The Shelf Life Advice Quick Reference Guide has answers about refrigerated unopened and opened foods. To receive your copy, type your email address in the box below and click "Sign Up".

Should Hot Food Go into the Fridge?

Hot FoodCooking for a crowd?  Then chances are, you’re planning to prepare some hot dishes a day or two in advance.  Then, you may ask yourself, can my casserole go right from the oven into the fridge, or is that a bad idea?  This quandary actually poses 3 questions: 

 

1) Will hot food damage my refrigerator?

 

2) Will adding hot food harm my already refrigerated food? 

 

3) Will immediate refrigeration be bad for the hot food?  We asked two members of our Advisory Board, Dr. Timothy Bowser, a food process engineer, and Dr. Karin Allen, a food scientist, to provide the answers.

Using a Turkey Fryer: Tips and Warnings

Turkey FryerThere have been a lot of advancements in turkey fryers over the years, and I think that in general, the newer fryers are much safer than the older, open-pot, open-flame models. At least one manufacturer offers an oil-free turkey fryer (www.masterbuilt.com), which looks a lot more like a smoker than a fryer to me, but it must be safer than the oil-filled alternative!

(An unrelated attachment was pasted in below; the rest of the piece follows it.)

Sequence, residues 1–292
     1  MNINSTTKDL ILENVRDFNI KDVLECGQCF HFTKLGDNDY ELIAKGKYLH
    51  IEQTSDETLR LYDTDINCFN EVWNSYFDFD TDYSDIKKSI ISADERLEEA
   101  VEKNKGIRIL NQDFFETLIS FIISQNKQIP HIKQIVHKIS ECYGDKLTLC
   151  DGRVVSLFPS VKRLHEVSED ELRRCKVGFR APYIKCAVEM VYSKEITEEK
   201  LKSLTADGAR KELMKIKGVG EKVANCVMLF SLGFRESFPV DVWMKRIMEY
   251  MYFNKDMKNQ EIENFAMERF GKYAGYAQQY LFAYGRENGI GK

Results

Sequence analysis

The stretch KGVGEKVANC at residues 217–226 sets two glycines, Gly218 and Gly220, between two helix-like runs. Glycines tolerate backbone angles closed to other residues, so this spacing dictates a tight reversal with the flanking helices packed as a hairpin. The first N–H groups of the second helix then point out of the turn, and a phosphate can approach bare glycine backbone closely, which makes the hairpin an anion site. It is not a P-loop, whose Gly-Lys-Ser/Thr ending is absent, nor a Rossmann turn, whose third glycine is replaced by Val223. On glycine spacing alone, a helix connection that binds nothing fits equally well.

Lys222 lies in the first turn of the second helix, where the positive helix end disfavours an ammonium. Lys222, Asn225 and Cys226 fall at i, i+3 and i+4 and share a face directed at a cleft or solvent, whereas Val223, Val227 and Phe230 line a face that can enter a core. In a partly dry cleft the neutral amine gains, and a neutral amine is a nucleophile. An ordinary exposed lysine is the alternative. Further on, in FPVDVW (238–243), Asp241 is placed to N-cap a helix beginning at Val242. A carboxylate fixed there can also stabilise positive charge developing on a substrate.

Electric turkey fryers have the advantage of no open flame to possibly ignite the oil.  This is why many can be used indoors. Also, the temperature controls on an inexpensive electric-powered home fryer are more likely to be automated than on the gas version. Finally, the indoor turkey fryers can be used for conveniently frying other foods plus many can be used for steaming too. One negative aspect of frying indoors is the odor and airborne oil particles that invade your home.

What NOT to Do With Thanksgiving Dinner

TurkeyNo one wants to share Thanksgiving dinner with unwanted, invisible visitors—the kind that can sneak in and cause food-borne illness. But you can keep bacterial growth at bay by following these recommendations from food safety experts.

When to Throw Food Out? Not on the Use-By Date

eggs, salsa, yogurtOn August 24th, I got ambitious and cleaned out my refrigerator.  I found these foods--raw eggs, low-fat yogurt, and mild salsa--all languishing far beyond their so-called "expiration" dates.  I asked 4 of the scientists on the Shelf Life Advice Advisory Board to tell me if I could still eat them or if I had to throw them out.  The first 3 sections of this article let you compare their responses.  I hope their explanations help you make better decisions about what "old" food to discard and when.  Note that the philosophy often followed is "Waste not, want not."

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